The largest wealth transfer in history by rich families will take place in the next 30 years, creating a new crop of ultra-wealthy individuals, says the
Wealth-X and NFP Family Wealth Transfers Report released Tuesday.

Across the globe, $16 trillion of ultra-high-net-worth wealth will go to the next generation. The United States will account for $6 trillion of the total.

Six trillion dollars of the worldwide wealth is in privately held businesses, but a significant number of heirs of UHNW individuals will not want to take over the responsibility of running these companies on a day-to-day basis, predicts the report. This will lead to large opportunities for sales and public offerings of these companies, and ultimately to the release of even more cash for investments and spending by the next generation, Wealth-X and NFP say.

Over the next three decades, $5 trillion in liquid assets will change hands. At the same time, $300 billion in philanthropic donations are expected to be made from the transfers, the report says.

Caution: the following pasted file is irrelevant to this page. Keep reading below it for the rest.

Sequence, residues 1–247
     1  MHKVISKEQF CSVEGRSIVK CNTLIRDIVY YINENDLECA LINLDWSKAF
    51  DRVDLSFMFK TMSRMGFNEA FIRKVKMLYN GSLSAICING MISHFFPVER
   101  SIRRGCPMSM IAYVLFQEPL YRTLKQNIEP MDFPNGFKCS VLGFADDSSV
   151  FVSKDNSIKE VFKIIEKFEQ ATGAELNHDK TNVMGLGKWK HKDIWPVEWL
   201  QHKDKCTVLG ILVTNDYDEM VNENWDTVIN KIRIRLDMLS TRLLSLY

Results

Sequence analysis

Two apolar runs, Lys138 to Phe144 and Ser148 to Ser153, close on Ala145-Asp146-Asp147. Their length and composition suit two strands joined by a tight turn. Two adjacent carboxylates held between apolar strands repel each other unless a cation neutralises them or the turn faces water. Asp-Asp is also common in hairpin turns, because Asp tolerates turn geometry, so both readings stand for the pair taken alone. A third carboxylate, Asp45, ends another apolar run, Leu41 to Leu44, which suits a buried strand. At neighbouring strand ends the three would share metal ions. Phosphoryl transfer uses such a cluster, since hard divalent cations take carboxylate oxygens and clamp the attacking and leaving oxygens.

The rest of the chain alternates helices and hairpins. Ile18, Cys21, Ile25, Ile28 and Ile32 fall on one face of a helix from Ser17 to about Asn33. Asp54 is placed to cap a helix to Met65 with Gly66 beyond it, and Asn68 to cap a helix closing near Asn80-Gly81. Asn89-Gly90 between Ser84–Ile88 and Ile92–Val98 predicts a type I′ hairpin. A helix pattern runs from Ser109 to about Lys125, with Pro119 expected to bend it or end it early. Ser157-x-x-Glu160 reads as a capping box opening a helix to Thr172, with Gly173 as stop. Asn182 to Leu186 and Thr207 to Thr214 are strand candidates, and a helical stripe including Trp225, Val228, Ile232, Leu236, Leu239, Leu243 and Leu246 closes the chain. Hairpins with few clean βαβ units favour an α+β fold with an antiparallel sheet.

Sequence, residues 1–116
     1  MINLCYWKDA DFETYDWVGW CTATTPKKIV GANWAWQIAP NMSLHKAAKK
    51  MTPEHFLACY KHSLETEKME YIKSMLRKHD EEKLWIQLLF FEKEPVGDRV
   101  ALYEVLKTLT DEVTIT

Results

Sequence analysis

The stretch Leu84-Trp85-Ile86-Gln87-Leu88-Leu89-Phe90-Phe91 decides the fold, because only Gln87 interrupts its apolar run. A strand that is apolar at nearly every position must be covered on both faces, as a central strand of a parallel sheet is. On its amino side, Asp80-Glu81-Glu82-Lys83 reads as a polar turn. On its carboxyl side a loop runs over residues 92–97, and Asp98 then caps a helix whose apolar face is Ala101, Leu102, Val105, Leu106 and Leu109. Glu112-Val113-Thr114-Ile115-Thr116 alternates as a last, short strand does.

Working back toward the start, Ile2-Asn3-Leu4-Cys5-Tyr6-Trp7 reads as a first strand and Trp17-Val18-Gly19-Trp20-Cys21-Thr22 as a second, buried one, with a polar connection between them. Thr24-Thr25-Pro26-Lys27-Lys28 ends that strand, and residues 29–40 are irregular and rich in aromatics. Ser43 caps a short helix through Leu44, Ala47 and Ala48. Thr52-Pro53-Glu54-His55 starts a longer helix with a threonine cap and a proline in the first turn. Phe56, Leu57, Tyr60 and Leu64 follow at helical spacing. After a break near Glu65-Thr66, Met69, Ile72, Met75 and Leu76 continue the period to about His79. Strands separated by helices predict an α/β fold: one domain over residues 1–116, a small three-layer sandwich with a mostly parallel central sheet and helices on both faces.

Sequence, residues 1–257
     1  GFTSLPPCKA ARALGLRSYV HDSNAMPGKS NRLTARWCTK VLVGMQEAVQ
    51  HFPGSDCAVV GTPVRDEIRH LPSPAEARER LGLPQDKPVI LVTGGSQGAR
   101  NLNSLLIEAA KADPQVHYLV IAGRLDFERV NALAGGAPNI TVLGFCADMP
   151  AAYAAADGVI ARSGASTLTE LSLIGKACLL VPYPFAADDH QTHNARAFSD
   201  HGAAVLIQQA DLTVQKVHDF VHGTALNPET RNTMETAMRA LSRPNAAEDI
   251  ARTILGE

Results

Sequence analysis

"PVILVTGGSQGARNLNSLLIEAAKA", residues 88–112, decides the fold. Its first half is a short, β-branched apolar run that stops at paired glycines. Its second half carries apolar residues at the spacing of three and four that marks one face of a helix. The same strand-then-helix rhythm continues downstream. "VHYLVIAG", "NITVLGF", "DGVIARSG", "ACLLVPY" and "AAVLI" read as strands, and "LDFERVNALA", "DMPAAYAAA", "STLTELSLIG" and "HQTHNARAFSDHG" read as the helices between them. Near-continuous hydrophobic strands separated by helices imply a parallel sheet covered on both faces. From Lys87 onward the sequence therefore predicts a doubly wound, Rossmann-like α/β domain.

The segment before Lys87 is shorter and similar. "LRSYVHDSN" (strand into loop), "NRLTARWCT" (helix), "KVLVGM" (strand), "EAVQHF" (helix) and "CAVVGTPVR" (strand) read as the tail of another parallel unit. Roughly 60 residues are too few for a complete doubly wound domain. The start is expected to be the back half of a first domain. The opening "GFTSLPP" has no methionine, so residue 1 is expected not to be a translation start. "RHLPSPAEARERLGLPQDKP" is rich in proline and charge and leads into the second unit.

Sixty-eight percent of those UHNW individuals passing on their wealth are self-made individuals. It is crucial that the first generation transmits their business ethos and values to succeeding generations to prevent them from losing the wealth, Wealth-X and NFP say.

Without prior planning, UHNW individuals could lose up to half of their fortunes through inheritance taxes, the report says.

“With $16 trillion passing to the next generation over the next 30 years, the enduring legacies of many families will soon be defined,” says Bryan Schick, president of NFP International. “Expert guidance from qualified global advisors will be paramount in assisting the ultra-high-net-worth [families] in navigating complex planning challenges and executing an efficient transfer of wealth and values.”

Wealth-X is an information and prospecting firm for those with $30 million or more in assets. NFP, National Financial Partners Corp., provides advisory and brokerage services to companies and high-net-worth individuals.